John Henry Dixon has been cooking for over twenty years. This is the main reason that everything has been burnt to a cinder. Undeterred by a preponderance of carbon, his perseverance has been rewarded with expertise acquired from thousands of hours of disappointment and stomach ailments.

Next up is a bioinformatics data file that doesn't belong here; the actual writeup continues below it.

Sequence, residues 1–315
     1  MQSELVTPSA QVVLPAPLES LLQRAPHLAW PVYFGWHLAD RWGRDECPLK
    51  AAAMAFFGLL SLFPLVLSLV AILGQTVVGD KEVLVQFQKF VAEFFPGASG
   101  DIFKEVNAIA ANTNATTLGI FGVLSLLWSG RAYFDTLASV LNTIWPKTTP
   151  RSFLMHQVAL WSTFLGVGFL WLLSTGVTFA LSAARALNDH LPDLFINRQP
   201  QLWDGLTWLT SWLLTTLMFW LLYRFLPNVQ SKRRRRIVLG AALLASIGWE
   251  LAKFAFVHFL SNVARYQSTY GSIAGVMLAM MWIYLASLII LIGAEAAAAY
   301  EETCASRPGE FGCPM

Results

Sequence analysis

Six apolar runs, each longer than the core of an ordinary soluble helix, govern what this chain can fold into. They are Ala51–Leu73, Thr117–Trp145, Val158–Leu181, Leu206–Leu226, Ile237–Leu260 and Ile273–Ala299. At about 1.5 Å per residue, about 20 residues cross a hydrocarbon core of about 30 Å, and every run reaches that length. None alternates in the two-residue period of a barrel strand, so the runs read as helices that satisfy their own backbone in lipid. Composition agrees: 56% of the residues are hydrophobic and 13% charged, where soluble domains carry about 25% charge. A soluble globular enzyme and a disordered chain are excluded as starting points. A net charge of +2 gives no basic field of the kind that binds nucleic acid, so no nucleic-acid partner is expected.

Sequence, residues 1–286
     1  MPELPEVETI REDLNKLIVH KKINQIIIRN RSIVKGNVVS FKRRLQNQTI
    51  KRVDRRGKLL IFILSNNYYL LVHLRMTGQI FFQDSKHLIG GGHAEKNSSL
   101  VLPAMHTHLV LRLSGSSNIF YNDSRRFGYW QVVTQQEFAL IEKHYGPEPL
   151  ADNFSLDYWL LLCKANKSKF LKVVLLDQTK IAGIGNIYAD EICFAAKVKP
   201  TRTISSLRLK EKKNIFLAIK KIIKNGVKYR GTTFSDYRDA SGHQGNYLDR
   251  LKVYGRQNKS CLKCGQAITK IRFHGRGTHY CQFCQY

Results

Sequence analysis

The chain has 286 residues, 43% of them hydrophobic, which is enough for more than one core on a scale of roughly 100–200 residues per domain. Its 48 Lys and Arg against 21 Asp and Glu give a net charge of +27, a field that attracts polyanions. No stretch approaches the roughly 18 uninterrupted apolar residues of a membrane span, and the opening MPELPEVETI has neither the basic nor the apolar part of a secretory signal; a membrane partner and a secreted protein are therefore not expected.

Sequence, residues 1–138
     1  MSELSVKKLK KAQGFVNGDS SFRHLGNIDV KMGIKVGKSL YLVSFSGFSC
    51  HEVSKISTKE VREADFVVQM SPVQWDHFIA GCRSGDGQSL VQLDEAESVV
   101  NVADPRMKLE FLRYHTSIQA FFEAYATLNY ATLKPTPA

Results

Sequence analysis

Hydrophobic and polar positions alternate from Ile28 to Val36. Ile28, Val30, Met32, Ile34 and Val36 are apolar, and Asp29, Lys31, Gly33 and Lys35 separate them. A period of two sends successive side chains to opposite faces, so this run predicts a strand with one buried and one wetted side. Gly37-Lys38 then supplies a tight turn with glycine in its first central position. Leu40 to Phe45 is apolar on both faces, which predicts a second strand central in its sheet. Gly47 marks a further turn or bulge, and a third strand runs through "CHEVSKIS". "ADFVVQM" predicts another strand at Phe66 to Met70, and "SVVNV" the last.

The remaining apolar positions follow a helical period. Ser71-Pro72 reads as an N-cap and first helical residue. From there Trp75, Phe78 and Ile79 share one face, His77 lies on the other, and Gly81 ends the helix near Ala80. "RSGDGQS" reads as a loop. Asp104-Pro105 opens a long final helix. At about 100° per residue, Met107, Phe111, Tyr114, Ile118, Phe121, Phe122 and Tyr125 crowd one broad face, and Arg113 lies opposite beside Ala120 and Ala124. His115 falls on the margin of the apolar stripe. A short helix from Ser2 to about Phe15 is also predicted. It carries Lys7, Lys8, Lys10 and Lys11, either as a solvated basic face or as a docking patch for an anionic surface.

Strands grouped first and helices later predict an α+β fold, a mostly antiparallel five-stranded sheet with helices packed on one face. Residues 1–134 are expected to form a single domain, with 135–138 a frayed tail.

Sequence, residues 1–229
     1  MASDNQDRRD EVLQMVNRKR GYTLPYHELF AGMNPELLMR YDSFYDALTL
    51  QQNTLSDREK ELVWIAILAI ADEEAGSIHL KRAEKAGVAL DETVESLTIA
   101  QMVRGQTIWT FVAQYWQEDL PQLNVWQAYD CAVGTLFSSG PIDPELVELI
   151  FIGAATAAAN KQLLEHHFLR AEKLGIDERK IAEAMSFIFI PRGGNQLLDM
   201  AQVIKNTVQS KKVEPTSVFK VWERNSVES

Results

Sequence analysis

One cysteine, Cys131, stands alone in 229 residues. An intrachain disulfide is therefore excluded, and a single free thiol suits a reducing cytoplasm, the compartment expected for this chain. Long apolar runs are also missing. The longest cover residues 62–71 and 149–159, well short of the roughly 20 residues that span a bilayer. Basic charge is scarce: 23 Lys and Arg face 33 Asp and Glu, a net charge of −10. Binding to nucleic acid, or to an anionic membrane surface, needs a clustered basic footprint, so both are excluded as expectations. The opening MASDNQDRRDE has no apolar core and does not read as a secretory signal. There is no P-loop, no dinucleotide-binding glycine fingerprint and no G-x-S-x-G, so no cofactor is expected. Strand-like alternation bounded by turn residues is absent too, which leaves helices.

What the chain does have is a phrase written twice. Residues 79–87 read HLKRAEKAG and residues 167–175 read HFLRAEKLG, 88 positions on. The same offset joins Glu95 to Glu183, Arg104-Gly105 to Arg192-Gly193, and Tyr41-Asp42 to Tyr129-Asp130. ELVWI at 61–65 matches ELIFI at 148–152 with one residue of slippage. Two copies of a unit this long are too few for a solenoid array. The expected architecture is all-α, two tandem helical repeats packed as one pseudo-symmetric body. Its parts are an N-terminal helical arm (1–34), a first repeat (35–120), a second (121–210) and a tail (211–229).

Amongst the pantheon of chefs, his place is assured. Few have been compared so favourably with the greats, from E. S. Coffier through to those of the modern era. From his early days, following his abandonment by the wolves who had until then reared him as their own, and inspired by the inventiveness and skill of his great-aunt Sopwith, through his own journey of discovery, where inspiration was taken from numerous and various cornucopia, including the massive fastfood establishments of Antarctica, the fish-farms of the central Sahara and the teeming game-parks of Monaco, his meticulous observation and recording of epicurean concoctions has delighted and informed generations of fellow cooks,both amateur and professional.